India is a land of festivals. People from all regions, castes, creeds come together to celebrate these little joys which give them an opportunity to reconnect with their families and refresh their minds together. Culture vary…Traditions vary… Rituals vary…But one thing which remains same all across the country is – The Feelings. The feelings behind each and every festival is always the same – Same enthusiasm, Same excitement levels and yes Same smiles. 🙂
According to a very famous Maithli saying, in India,
“Kos-kos par paani badle, teen kos par bani”
(“Water changes at every Kos, language at every three Kos” – Kos is a measure of length) We can easily imagine that if there is so much diversity in water and language, how far the cultures and traditions will be different. 🙂
My family roots are from Bareilly – A small town in the west Uttar Pradesh, famous for it’s old narrow lanes and Shiva temples. The city is a centre for furniture manufacturing and trade in cotton, cereal and sugar..Though I am born and brought up at Allahabad, my grand mom (Dadi) used to stay at Bareilly only during the initial years of my birth. And yes, till date, my paternal relatives do stay there. 🙂 Once Dadi, shifted with us at Allahabad, it became an yearly ritual to travel to Bareilly during every summer vacations to meet our relatives and let her indulge freely on her soil. 🙂 It has been 40+ years since my dad shifted to Allahabad, still our traditions and cultures are influenced by Western UP rather than that of Eastern UP. And the major reflection of that cultural diversity comes up while preparing delicacies during the festive season. Delicacies like Khasta – Aloo ki sabzi, Jalebi – Samosa, Pitthi ki kachori – Dum aloo etc ruled my family since ages. Ghar k bane Laddoo, Mathris, Sev along with curries with Hing jeere ka tadka are our super favorites. No. I won’t say that these rituals are carried out in Bareilly only but yes my whole family is used to these stuff which itself boast about the traditional roots.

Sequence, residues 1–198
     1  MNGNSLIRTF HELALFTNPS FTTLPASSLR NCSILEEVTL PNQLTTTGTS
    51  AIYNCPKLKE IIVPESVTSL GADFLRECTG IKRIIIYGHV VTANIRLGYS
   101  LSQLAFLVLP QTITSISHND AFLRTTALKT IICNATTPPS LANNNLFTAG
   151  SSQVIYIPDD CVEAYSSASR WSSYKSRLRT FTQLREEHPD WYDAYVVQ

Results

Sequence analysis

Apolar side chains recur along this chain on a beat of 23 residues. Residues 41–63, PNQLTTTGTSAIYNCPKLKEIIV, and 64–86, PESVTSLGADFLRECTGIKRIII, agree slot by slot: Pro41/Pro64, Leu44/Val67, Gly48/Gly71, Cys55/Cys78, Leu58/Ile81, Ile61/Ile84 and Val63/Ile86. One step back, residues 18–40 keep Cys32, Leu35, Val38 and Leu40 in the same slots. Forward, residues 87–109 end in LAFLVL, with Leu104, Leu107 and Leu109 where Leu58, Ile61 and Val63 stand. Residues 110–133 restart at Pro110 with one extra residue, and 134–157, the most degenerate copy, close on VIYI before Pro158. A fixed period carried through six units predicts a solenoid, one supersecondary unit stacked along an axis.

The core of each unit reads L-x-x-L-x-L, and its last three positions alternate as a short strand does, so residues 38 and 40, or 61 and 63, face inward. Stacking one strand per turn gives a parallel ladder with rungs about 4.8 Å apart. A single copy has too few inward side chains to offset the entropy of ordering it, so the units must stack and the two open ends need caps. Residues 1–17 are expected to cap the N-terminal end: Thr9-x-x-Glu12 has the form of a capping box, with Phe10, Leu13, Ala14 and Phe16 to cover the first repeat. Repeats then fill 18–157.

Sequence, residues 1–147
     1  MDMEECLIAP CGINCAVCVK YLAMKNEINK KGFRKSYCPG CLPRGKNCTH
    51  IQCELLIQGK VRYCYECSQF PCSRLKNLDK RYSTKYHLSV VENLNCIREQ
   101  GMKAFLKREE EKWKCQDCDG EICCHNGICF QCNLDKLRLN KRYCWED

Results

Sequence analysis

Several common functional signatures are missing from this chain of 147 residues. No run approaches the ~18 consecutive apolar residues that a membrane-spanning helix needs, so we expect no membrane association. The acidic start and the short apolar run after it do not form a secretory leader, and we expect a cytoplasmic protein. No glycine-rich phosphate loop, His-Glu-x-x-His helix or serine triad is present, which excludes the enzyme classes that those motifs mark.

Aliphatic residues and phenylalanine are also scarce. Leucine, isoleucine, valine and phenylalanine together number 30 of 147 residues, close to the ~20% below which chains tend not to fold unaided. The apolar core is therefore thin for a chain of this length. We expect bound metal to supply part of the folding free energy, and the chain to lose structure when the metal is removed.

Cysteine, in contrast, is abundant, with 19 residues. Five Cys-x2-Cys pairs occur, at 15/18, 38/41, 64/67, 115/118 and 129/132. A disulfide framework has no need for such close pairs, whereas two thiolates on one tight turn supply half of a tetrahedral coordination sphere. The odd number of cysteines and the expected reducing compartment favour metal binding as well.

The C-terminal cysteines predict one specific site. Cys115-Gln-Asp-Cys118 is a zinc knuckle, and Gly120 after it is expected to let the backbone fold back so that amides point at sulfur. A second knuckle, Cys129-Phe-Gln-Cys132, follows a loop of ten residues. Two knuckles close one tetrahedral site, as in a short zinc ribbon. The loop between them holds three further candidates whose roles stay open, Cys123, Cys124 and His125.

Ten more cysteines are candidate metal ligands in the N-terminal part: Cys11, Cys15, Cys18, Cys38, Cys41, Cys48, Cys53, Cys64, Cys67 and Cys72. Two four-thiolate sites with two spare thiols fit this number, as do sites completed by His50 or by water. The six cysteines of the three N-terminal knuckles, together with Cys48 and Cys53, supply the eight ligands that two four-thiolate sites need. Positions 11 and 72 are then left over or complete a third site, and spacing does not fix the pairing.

Dadi being a very religious person, used to come up with unique prasads depending upon the occasions. Few of her favorites were Panjeeris, Charnamrit, Dhapri, Gulgule, Besan k laddoo and Arbi K Chande. And we, the kids, loved to indulge into these unique dishes which were perfect for out palette. Be it Dusshera, Janmashtmi, KarwaChauth, Diwali etc etc.
Arbi K Chande, is one such heirloom delicacy which rules my heart. Every year during Janmashtmi, it is prepared at my home and we all simply love it. 🙂 Before going ahead, let me give you all a brief insight as in my childhood memories of Janmashtmi.